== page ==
was not long in following Montreal's lead in providing street mail pickup
for its citizens. According to J.G. Cunnigham, Director, Information
and Public Relations for the Post Office Department in 1967, the Post
Office Department inaugurated street mail pickup in Toronto on June
5, 1852. Three pillar boxes were put into service. One of the three
was installed on Yonge Street although Cunningham does not give its
precise location nor, unfortunately, does he indicate where the other
two were located.
in the United States was somewhat different. Unlike the Canadian Post
Office Department with its monopoly of all mail services similar to
the practice of the Post Office in England which, incidentally, had
total control of the Canadian postal system until 1851, the United States
Post Office in its early days enjoyed no such monopoly powers. In the
1840s, even into the early 1850s, private companies such as Boyd's placed
street letter boxes in areas that the company serviced. Most were to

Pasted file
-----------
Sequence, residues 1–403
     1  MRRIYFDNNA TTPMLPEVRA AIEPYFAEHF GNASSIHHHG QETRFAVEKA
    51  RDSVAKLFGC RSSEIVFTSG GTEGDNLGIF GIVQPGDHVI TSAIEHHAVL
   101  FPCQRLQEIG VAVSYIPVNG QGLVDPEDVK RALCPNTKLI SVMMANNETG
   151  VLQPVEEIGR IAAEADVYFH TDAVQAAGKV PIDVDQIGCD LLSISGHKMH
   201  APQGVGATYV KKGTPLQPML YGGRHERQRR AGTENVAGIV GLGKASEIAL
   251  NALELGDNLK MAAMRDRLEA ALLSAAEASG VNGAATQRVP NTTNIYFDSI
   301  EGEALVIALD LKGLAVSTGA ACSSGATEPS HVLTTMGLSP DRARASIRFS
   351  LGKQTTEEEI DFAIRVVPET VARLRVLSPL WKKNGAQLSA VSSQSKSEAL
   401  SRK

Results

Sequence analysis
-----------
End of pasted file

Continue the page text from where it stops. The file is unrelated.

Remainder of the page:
be found in high-traffic locations such as entrances to hotels, restaurants,
pharmacies, and other retail stores frequented by the public. In smaller
communities, street letter boxes were usually located in the centre
of town or at village crossroads.
Canadians, for some time now, have become accustomed to following the
U.S. in the introduction of new products and ideas, the situation was
reversed in the 19th century. While the citizens of Toronto, Montreal,
Quebec City, Winnipeg, along with other major Canadian cities, enjoyed
mail pickup at various locations throughout their communities from a
standard, instantly recognized, street letter box painted in what has